Yesterday we launched a website publishing 10 years of data on violence against journalists in Afghanistan. The latest in our recent work opening and visualizing new public datasets, this site posed some unique challenges, particularly with respect to operating in low bandwidth environments.
Eric spent the last few weeks in Kabul collaborating with Internews and Nai, our partners on the site, and cultivating a burgeoning open data culture. At the same time, we tested some new methods for pushing the speed of MapBox maps to the max. Here’s what we’ve done:
1. Wax and Modest Maps
Last month, we announced Wax, which along with Modest Maps, we’re using as a replacement for OpenLayers to bond together and deliver our custom tilesets. Wax and Modest Maps together are over 70% smaller in file size than OpenLayers and provide the advanced functionality we need for interactive maps.
2. Image Compositing in TileStream Hosting
Just a few weeks ago, we rolled out a major new feature for TileStream Hosting: server-side image compositing. Simply put, this means adding additional layers to maps doesn’t increase the number of tiles it takes to load the maps. The violence against journalists site offers 55 different layer combinations, so this performance boost is essential.
3. NEW: Tile Image Compression
Compositing paved the way for another brand new feature Konstantin deployed late last week: configurable tile compression. In addition to high quality PNG and JPG tiles, TileStream Hosting also serves additional levels of compression, specified by the tile’s file extension:
- For PNG, you can use .png256, .png128, .png64 and .png32 to retrieve paletted images with the respective number of colors. The default is 24bit full color PNGs.
- For JPG, you can add use .jpg90, .jpg80 and .jpg70. The default quality for jpg is 80.
On the violence against journalists site, using jpg70 compression cut the site’s total size in half.
4. NEW: Bandwidth Autodetection
Following up on tile compression, Tom rolled out a Wax control for automatic bandwidth detection. By testing the speed of downloading a sample tile, Wax can automatically reduce the filesize of a map by activating tile compression. Now the same map is speedy those in low bandwidth environments and has enhanced image quality for broadband users.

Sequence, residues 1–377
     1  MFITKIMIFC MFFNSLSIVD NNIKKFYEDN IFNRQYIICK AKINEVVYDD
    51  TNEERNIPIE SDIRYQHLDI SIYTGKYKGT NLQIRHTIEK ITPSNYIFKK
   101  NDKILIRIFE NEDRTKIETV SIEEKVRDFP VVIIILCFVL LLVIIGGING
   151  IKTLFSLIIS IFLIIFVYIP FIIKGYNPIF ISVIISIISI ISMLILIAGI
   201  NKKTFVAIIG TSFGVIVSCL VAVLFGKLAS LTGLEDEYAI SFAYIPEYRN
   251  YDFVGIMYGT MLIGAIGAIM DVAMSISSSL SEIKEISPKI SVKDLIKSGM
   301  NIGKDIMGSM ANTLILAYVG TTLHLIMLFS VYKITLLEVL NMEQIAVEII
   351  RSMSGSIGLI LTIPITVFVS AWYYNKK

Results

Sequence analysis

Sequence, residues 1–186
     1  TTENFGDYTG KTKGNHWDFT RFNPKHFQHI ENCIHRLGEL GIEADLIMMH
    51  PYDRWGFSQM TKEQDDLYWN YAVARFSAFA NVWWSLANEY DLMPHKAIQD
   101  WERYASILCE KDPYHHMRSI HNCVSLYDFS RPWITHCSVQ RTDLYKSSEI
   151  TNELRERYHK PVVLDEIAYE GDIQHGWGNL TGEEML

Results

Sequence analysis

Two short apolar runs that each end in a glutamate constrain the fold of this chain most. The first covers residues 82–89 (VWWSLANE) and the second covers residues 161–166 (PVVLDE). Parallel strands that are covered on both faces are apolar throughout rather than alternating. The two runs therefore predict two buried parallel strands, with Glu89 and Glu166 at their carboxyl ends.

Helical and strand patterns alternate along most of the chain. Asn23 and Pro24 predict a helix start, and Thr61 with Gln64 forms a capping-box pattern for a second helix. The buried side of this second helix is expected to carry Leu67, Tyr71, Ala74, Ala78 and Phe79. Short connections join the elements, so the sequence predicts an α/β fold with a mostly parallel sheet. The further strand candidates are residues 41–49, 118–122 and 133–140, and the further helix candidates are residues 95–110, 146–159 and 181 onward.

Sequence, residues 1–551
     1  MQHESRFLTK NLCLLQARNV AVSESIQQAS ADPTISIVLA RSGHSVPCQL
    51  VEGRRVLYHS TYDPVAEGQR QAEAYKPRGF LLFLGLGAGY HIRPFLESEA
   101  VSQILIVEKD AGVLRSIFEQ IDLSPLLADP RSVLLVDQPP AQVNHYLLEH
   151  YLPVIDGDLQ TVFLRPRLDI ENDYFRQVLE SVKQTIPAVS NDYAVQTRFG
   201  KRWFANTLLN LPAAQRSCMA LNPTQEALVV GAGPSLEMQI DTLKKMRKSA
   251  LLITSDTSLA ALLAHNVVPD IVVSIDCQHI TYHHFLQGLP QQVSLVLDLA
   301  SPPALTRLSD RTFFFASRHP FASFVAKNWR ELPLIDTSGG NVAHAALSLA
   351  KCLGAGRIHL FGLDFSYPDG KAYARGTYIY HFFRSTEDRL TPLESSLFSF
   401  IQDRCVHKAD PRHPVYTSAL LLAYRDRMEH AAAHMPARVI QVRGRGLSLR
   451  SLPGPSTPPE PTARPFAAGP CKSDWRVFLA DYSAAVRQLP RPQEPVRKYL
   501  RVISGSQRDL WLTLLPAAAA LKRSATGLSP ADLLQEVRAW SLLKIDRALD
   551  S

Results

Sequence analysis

The Wax bandwidth control also allows for manual compression settings, so we added an HQ button to our map.
Low quality tiles.
High quality tiles.
5. Loading New Layers Over Existing Tiles
Our final speed tip is actually more of a trick. Usually, switching to a new layer means throwing out the old tiles and loading new ones. On a fast connection, this process is basically undetectable, but on a slow connection, the experience of reading the map is disrupted as the old map view disappears and the new tiles trickle in.
To get around this on the violence against journalism site, when a user switches to a new layer, a copy of the current layer is saved behind the map. Now instead of loading the new layer’s tiles over an empty background color, the new tiles load over the previous layer. On a slow connection, the map never completely disappears—it just gradually updates. On a fast connection, this produces a graceful fade effect.
Map tiles loading over a white background.
Map tiles loading over a previous map layer.
In the international development context, things we take for granted like fast internet and a modern browser are often far from guaranteed. At the same time, access to fast data visualizations is just as important as anywhere else. We are investing heavily in making certain that MapBox maps are the fastest maps on any connection. We build tools to help data-driven organizations make smart decisions, keeping up with the changing world around them.
Get started making your own fast maps now. Our open source map design studio, TileMill, makes it easy to design completely custom and interactive web maps. These tile-based maps are incredibly fast when paired with TileStream Hosting.